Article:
MINNEAPOLIS — Mercyhurst’s dream of a national championship ended on Friday with a 4-1 loss to Boston University in the semifinals of the NCAA Women’s Ice Hockey Championship at Ridder Arena.
BU advances to its second national title game in program history. The Terriors (28-5-3) won their program-record 28th game of the season and will face top-ranked and undefeated Minnesota (40-0-0) on Sunday afternoon (4 p.m.) for the national championship.
Mercyhurst trailed, 4-0, before Christie Cicero scored on assists from Chtristine Bestland and Vaila Higson to end the shutout bid. Mercyhurst ends its season 29-7-1.
Four different Terriers scored including seniors Jenelle Kohanchuk, Isabel Menard and Kathryn Miller. Junior co-captain Marie-Philip Poulin added a goal as well and Kohanchuk also tallied an assist for a two-point evening.
• In the other semifinal, Sarah Davis scored 1:39 into overtime as Minnesota beat Boston College, 3-2, for its 48th straight victory.
“The team found a way, just like they have all year,” Minnesota coach Brad Frost said.
Davis took a pass from Bethany Brausen, skated to the left to deke goalie Corinne Boyles and put a shot behind the sprawling netminder. The third member of the line, Meghan Lorence, also got an assist.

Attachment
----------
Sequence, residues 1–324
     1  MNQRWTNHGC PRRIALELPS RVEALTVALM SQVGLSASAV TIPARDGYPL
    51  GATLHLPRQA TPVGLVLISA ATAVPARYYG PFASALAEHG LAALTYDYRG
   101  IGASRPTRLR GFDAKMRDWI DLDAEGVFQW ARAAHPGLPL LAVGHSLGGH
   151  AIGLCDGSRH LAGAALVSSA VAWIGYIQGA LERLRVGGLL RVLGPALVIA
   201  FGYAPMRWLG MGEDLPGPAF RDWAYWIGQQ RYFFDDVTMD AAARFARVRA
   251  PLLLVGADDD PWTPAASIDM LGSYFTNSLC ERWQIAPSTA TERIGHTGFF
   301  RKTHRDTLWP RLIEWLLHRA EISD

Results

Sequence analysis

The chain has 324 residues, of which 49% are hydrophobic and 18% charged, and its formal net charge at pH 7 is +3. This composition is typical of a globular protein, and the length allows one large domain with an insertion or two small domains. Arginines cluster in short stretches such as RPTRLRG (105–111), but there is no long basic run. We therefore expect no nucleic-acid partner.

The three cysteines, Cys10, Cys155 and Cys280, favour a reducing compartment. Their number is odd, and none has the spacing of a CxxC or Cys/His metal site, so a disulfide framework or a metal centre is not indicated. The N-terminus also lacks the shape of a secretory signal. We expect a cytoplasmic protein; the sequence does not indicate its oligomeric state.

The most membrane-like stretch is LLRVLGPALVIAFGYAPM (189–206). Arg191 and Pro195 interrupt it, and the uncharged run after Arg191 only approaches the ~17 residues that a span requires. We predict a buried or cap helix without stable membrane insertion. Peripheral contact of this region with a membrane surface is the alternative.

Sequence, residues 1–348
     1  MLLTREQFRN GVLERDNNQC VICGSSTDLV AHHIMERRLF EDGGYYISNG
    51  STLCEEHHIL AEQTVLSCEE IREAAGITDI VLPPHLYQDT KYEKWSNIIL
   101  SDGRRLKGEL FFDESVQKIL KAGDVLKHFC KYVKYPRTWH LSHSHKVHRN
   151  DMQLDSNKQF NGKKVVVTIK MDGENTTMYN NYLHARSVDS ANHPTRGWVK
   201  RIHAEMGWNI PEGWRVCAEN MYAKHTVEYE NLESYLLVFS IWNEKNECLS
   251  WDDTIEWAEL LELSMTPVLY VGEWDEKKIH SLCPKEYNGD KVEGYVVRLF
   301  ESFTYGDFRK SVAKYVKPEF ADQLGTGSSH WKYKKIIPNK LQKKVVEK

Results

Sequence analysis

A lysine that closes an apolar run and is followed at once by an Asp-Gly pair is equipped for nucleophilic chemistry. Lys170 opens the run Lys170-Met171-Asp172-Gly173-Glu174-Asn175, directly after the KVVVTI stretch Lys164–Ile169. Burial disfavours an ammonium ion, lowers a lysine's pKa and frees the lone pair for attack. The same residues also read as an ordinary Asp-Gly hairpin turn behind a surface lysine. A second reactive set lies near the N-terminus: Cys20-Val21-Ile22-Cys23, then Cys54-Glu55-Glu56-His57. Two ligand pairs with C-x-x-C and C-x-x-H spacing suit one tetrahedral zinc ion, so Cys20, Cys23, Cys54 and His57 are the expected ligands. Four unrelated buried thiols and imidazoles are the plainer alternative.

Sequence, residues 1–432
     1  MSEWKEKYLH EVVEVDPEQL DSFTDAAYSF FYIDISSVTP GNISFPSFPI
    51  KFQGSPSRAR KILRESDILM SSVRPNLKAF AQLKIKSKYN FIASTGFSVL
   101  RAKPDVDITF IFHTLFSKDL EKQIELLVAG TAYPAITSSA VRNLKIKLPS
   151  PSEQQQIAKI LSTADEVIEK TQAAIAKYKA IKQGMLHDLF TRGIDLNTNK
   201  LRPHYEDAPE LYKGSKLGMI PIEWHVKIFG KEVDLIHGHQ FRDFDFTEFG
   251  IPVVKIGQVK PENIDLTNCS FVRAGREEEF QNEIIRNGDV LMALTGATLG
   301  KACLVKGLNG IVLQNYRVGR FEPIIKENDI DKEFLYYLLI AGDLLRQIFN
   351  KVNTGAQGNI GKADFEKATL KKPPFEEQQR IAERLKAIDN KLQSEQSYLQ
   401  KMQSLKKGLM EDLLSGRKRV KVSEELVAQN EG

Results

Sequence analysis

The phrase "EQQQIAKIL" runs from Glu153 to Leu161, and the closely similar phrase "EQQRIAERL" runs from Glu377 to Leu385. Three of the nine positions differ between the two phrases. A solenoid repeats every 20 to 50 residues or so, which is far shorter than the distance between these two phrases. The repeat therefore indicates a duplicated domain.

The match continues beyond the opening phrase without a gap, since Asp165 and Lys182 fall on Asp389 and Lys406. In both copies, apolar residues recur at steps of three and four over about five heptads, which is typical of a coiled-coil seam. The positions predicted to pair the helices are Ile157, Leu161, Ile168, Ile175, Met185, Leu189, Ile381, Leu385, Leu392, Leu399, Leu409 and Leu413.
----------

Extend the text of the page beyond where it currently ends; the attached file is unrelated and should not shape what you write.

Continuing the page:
Minnesota (40-0-0) scored late in the third overtime to beat North Dakota, 3-2, in the quarterfinals last Saturday.
“I’m smiling like a fool now, but it’s a great day,” Davis said.
If one were to pick a potential winning scorer for Minnesota, Davis and her linemates would be far down the list behind the likes of Amanda Kessel, Hannah Brandt and Megan Bozek, who have combined for 95 goals. Davis’s goal was her seventh of the season.
“From day one, we’ve been talking about how the depth of our team is probably our biggest strength,” Frost said. “I’ve got all the confidence in the world in all our lines, so I knew there was a chance they could score just like any other line.”
Brandt and Becky Kortum scored third-period goals for the Gophers. Noora Raty finished with 26 saves.
Minnesota led the country in scoring at 5.36 goals per game, and Boston College was second at 4.36, but each is also known for its defensive prowess. With the exception of the power-play chances, the game was so up-and-down that a team rarely spent 15 seconds in offensive end before the opponent controlled the puck and began to break out of their zone.